This story is used to describe how to construct a plot twist, or how to understand the concept of a paradigm shift, but what I would like for us to do is to consider the effect that the context had when it was based on assumptions and how it changed when those assumptions are reconsidered.  It is too easy to side with the woman at the start of the story.  Other people can be so annoying when they do not seem to be considering our comfort and our needs at all as they go about their own way, but if we consider their comfort and their needs in a sympathetic way, the context changes and we might just be able to get along much better.  This woman thought she knew exactly what the context was: He was a deadbeat and the kids were wild delinquents-to-be. He was what was wrong with the world today and his kids were what will be wrong with the world tomorrow. Then, all at once, they were normal people dealing with their own problems and she had to face her own hardness of heart.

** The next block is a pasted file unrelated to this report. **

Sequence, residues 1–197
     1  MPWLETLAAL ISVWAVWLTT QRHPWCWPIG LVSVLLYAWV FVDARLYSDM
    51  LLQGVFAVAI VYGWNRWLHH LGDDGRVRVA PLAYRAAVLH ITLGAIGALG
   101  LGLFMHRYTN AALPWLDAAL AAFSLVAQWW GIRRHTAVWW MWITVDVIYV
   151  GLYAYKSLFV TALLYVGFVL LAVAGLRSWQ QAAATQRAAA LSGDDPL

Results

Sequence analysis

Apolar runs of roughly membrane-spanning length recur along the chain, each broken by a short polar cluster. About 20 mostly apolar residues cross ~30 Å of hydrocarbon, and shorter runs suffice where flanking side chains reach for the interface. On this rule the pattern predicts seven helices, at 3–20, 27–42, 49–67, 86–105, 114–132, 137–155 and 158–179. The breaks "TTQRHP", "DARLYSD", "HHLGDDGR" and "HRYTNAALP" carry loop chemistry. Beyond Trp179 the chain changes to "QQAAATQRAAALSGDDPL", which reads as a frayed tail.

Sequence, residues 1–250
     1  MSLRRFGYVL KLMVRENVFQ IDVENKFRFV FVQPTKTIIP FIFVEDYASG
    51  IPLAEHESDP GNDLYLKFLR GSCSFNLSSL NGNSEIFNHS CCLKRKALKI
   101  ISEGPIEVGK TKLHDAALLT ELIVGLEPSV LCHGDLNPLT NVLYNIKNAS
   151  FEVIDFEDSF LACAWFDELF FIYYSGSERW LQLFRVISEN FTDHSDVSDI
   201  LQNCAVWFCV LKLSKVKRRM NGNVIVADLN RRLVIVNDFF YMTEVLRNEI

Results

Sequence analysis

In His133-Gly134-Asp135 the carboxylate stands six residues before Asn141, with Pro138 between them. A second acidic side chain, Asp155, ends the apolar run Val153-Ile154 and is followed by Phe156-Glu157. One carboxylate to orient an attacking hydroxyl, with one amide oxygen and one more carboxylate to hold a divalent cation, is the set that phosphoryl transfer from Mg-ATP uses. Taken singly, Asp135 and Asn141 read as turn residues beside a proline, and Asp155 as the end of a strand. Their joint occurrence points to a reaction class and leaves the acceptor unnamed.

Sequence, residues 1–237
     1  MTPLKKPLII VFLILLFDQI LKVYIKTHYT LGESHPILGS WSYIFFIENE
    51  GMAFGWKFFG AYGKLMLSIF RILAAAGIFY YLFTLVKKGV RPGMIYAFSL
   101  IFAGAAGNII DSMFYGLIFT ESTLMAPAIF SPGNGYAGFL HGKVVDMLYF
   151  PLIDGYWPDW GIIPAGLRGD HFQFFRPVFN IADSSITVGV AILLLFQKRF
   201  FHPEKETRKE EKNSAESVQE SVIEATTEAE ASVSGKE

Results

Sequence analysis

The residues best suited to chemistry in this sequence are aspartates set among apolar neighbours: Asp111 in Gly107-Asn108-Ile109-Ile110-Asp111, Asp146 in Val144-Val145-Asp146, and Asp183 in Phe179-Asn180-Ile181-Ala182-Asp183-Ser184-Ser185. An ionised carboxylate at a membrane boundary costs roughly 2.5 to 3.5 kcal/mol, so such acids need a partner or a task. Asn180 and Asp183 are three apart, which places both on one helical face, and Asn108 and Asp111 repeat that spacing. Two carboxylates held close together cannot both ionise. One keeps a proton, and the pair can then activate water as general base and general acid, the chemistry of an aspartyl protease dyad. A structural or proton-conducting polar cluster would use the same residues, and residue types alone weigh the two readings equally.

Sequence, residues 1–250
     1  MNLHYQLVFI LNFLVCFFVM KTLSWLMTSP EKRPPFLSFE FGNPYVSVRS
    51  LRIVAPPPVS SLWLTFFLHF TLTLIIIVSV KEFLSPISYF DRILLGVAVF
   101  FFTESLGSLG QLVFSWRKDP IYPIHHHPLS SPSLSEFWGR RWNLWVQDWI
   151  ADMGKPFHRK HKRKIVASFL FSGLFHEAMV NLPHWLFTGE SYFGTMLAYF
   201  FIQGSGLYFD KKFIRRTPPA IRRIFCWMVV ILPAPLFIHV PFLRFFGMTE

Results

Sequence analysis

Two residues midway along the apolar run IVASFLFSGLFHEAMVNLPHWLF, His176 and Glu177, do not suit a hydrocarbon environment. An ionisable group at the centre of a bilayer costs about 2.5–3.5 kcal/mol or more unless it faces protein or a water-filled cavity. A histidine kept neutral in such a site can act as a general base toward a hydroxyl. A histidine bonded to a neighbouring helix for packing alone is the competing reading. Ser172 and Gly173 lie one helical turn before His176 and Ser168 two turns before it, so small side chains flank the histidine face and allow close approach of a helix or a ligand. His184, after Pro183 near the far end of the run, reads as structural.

Stories like this are illustrative because they are so simple and short and we can all see the moment where the context shifts. However, our lives are longer, more complex stories with contexts that often remain rooted in assumptions that we can only overcome if we are open to examining them from another perspective, and to do so on a continual basis.  It is not enough to tell ourselves “I’ve been in that situation, myself” and think this justifies our harsh judgments.  That is often the basis for the bullied runt who grows up to be the bully, or the abused child that grows up to abuse. Instead, we must be prepared to say “if that were me, today, how would I feel?” We have to be able to view ourselves in unflattering terms.  No, we do not have to hate ourselves, but we have to get over the fear that if we really knew ourselves we would.  We also have to realize that what is normal to our experience is not universally “normal”.  For example, any statement beginning with “everybody knows” is more often a false statement than not, both in that it is false that everybody knows, and that it often is just an affirmation of a false assumption, such as “everybody knows that the secret to success is hard work.” It is an observable fact for many that their own hard work does not guarantee success, and that many, many others enjoy success without hard work.  We cannot live without assumptions.  You simply cannot recalculate every single possibility before making daily decisions. We can, however, check assumptions on important things twice before making bigger decisions.  I contend that when deciding how to treat one another, every decision is important.